Informa Markets

Author Bio ▼

Safety and Health Practitioner (SHP) is first for independent health and safety news.
November 10, 2010

Get the SHP newsletter

Daily health and safety news, job alerts and resources

Small firms lack faith in war on red tape

Many small-business owners have serious misgivings about the Government’s ability to liberate them from the burden of red tape, a new study suggests.

The survey, carried out by the Forum of Private Business (FPB), chimes with another recent report by the Better Regulation Executive (BRE) on the impact of regulation on the UK’s small businesses.

The FPB found that just 40 per cent of respondents on the Forum’s Red Tape research panel said they did not think the Coalition would significantly reduce the amount of legislation with which small firms have to comply.

A further 32 per cent said they did not know whether or not the Government would succeed in reducing regulation, while 28 per cent felt confident that it would make a noticeable difference to the rules SMEs face.

The main reason respondents gave for doubting the Coalition’s ability to cut red tape was the failure of similar past initiatives, although nearly 90 per cent of those surveyed also said they feel that legislators do not understand how regulations affect small employers.

The Forum’s research manager, Thomas Parry, said small firms might be expected to have a fair amount of faith in the Coalition’s pledge to cut red tape, but the survey’s findings did not bear this out, with many SME owners feeling as though the UK is “past the point of no return with legislation”.

He added: “There’s a sense that because there is so much of it, and it’s so deeply embedded in our legal framework, any attempts to tackle it are doomed to failure.

“The level of change required – around a 50-per-cent reduction in terms of the time business owners spend on completing forms – is unlikely to be met without a radical rethink of legislation.”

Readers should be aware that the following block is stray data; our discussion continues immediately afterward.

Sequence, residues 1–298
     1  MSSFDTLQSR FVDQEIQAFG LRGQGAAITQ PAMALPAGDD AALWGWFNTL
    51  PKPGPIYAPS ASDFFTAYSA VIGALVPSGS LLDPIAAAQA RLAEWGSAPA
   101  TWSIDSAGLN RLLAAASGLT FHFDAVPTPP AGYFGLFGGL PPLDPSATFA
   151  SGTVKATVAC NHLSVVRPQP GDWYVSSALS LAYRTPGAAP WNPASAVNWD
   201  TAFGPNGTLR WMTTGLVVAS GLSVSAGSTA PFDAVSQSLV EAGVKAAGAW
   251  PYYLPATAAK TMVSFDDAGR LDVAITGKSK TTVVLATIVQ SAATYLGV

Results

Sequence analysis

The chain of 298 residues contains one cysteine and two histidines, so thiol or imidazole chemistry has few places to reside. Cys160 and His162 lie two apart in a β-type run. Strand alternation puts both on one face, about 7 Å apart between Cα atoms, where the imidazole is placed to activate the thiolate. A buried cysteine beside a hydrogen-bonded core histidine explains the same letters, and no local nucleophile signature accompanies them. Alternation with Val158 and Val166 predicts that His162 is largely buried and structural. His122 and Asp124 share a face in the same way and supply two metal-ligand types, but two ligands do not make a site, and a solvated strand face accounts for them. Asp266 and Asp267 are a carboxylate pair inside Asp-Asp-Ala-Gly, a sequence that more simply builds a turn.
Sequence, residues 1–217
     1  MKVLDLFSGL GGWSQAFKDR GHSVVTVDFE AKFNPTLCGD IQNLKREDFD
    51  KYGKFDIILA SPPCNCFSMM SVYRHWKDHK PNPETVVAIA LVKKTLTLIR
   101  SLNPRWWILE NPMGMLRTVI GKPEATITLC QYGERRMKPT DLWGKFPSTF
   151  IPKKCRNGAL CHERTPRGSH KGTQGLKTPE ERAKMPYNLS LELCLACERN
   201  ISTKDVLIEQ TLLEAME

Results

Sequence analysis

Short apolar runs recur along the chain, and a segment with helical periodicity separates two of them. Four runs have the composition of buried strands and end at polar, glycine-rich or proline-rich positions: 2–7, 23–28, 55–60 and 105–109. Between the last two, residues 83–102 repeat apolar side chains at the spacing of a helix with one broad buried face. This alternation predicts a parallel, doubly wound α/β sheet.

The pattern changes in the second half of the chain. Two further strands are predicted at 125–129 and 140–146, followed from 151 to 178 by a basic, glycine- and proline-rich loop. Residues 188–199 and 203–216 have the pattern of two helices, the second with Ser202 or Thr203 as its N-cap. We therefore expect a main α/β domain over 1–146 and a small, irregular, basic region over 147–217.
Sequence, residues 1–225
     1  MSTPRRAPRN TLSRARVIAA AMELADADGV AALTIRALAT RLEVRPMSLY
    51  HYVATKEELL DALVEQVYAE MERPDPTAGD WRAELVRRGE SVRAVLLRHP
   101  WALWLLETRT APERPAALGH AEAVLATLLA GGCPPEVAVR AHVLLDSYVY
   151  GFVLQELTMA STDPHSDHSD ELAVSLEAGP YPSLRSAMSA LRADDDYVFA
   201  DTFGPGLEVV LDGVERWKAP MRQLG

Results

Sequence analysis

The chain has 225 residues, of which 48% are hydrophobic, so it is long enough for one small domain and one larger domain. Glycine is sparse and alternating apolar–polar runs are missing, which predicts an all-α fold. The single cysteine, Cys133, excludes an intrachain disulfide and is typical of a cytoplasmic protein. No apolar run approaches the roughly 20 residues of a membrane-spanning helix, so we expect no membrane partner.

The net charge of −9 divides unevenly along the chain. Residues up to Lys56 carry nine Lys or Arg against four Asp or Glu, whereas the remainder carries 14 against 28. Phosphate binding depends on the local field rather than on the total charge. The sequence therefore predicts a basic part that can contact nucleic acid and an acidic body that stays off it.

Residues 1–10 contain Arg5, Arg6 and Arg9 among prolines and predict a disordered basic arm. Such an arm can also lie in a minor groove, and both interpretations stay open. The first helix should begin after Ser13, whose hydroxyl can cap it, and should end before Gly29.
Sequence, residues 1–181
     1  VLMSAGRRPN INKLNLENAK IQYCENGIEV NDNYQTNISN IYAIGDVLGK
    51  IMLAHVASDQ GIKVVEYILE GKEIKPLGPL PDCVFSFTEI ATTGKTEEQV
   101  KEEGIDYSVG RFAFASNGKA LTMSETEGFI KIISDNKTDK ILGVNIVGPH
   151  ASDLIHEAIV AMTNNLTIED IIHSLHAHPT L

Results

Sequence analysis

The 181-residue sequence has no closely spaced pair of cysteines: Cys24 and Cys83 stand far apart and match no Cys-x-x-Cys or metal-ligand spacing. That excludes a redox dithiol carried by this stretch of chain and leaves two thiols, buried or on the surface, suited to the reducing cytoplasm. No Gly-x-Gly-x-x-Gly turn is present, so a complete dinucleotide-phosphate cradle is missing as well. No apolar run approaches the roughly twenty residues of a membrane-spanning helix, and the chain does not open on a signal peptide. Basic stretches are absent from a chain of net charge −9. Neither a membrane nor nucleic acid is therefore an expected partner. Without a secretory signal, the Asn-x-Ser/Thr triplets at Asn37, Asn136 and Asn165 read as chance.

The survey’s findings, particularly comments received about the complexity of business legislation, seem to correlate with themes identified by the Better Regulation Executive in its report, ‘Lightening the Load’, published last week.

The report surveyed 500 micro businesses and found that many organisations felt unsupported and were unreasonably expected to cope with the same levels of paperwork and regulatory obligations as larger companies.

Most owners estimated that they spent between one and two days every fortnight on dealing with regulatory compliance. Health and safety regulations are still widely misunderstood, with businesses using the term to cover a range of regulatory areas – from environment to food safety – which adds to the difficulty of understanding the problems micro firms face, concluded the report.

Some of the findings also strike a chord with Lord Young of Graffham’s recent review of health and safety – not least the desire of many small-business owners to receive better cross-regulatory guidance from local-authority inspectors, and the pressures companies feel to seek specialist health and safety advice from consultants, some of whom the BRE admit could be “tempted to overstate the regulatory burden to either justify or extend their costs”.

The report also identified several reasons why small businesses are reluctant to employ more people. One factor highlighted is the cost of employers’ liability insurance, with reports of insurers providing quotes on the basis of £10m worth of cover when the legal requirement is that employers only have to be covered for £5m.

Chair of the BRE, Sir Don Curry, said he had been struck, during the report’s compilation, by the way that so many micro businesses are struggling to cope with regulations, adding: “It is clear that some firms actively avoid recruiting and expanding to avoid the bureaucracy, or perceived bureaucracy, involved.”

The themes raised by the BRE are likely to be considered by Lord Young in his new role as “enterprise tsar”, as he embarks on a review of what help is available to small firms, and how they bid for contracts from the Government.

Related Topics

Notify of

Inline Feedbacks
View all comments